America Invents Act Final Rule: Inventor’s Oath or Declaration
August 20, 2012
The America Invents Act allows for assignees to file a patent application as the applicant, whereas previously a person to whom the inventor had assigned an invention could file the application, but the inventor remained the applicant. This changes the system from an inventor-applicant to an assignee-applicant system.
On August 14, 2012, the U.S. Patent and Trademark Office (PTO) issued rules of practice implementing the inventor’s oath or declaration provisions of Sections 4 and 20 of the Leahy-Smithy America Invents Act (AIA). The final rules package is entitled “Changes to Implement the Inventor’s Oath or Declaration Provisions of the Leahy-Smith America Invents Act.” These final rules take effect on September 16, 2012, and apply to patent applications filed, or proceedings commenced, on or after that date.
Changes Concerning Who May Apply for a Patent (the Applicant)
The PTO takes the position that under the AIA, an assignee can file and prosecute a patent application as the applicant. The requirement, however, still remains that each inventor must execute an oath or declaration, even if the application has been filed by the assignee, unless an exception applies. The PTO notes that it will continue to use the inventor’s name for application and patent identification purposes.
Changes to Oath or Declaration Practice
Under the new rules, the PTO streamlines a number of oath or declaration requirements (35 U.S.C. § 115). Namely, an oath or declaration is no longer required to (1) identify all the named inventors, if the applicant provides an application data sheet that indicates the legal name, residence, and mailing address of each inventor or (2) identify the inventor’s country of citizenship. The new oath or declaration requirements also include that the inventor “has reviewed or understands” the contents of the application and is aware of the duty of disclosure requirements. This is in contrast to the old requirements, where an inventor had to attest to those requirements.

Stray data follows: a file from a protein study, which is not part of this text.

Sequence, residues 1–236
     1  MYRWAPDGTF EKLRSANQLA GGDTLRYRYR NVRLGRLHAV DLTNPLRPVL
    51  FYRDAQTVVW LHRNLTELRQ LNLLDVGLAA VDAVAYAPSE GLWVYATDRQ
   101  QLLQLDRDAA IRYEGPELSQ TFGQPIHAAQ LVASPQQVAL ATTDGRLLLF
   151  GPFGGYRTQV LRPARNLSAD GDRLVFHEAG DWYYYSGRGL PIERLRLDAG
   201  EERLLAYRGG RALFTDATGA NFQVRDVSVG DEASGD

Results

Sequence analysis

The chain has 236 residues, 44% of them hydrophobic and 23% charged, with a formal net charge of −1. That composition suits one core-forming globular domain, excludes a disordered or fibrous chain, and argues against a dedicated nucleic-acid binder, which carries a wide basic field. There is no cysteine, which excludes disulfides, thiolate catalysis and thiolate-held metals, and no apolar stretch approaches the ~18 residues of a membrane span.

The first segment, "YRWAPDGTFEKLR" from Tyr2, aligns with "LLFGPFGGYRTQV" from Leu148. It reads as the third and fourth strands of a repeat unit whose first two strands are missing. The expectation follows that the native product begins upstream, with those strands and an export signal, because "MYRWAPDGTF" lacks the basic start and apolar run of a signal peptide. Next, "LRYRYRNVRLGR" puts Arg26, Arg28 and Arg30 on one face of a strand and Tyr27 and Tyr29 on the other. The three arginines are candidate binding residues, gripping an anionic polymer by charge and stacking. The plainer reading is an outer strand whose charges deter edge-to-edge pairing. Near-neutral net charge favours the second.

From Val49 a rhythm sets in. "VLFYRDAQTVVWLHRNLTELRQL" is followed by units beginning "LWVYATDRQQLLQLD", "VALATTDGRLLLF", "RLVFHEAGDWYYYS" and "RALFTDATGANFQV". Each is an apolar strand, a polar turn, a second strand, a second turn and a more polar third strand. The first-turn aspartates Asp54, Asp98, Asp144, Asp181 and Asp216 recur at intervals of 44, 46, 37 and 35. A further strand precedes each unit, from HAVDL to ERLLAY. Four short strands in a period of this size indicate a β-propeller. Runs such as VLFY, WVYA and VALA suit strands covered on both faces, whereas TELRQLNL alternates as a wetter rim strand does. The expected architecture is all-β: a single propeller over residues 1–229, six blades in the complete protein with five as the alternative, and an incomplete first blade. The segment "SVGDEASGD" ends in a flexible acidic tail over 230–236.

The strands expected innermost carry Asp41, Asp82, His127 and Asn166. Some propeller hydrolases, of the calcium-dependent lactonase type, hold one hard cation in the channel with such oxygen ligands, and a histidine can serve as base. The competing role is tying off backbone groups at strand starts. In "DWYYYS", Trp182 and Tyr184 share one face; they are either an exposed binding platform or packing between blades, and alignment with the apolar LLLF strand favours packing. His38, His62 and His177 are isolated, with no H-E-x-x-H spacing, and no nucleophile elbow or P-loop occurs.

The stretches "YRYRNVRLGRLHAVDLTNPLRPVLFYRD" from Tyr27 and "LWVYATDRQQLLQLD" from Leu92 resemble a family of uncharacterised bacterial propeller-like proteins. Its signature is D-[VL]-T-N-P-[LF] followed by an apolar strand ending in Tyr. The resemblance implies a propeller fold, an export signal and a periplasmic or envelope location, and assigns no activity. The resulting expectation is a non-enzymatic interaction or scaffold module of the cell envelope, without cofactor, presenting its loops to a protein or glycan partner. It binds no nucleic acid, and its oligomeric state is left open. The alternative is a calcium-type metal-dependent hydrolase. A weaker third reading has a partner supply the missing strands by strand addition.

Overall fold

Additionally, it is now possible to wait until the Notice of Allowance to file an oath or declaration, if the applicant provides an application data sheet before
examination indicating the name, residence, and mailing address of each inventor.
Changes Pertaining to Substitute Statements
The PTO also revises the requirements for a substitute statement. Here, the final rules provide that assignees filing an application as the applicant can file a substitute statement no later than the date the issue fee is paid. Further, a substitute statement may be executed in lieu of an oath or declaration by identifying: (1) the circumstances of the non-signing inventor; (2) the person who is executing the substitute statement and the relationship of such person to the non-signing inventor; and (3) the last known address of the non-signing inventor.
Changes Pertaining to Reissue Practice
Additionally, the final rules revise reissue oaths or declarations. Namely, the PTO deletes the requirement for the reissue oath or declaration to include a statement that all errors arose without deceptive intent on the part of the applicant. The oath or declaration now must identify a claim that the application seeks to broaden, if the reissue application seeks to enlarge the scope of the patent claims. Under 35 U.S.C. § 251, the revised rules permit an assignee of the entire interest to sign the inventor’s oath or declaration in a reissue application (even if broadening).
Finally, the PTO makes some additional rule changes. For example, the final rules allow for practitioners to change the correspondence address after the patent issues. They also provide for specific procedures in situations where multiple assignees try to control prosecution, and harmonize foreign priority practice with domestic benefit claims by requiring both to be set forth in an application data sheet.
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